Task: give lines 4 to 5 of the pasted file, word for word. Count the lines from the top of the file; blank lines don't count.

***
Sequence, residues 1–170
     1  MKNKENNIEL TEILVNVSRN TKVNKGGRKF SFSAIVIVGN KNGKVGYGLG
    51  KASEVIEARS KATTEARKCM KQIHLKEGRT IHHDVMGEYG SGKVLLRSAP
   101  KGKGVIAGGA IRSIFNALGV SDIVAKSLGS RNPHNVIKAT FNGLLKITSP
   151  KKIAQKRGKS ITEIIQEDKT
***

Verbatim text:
   101  KGKGVIAGGA IRSIFNALGV SDIVAKSLGS RNPHNVIKAT FNGLLKITSP
   151  KKIAQKRGKS ITEIIQEDKT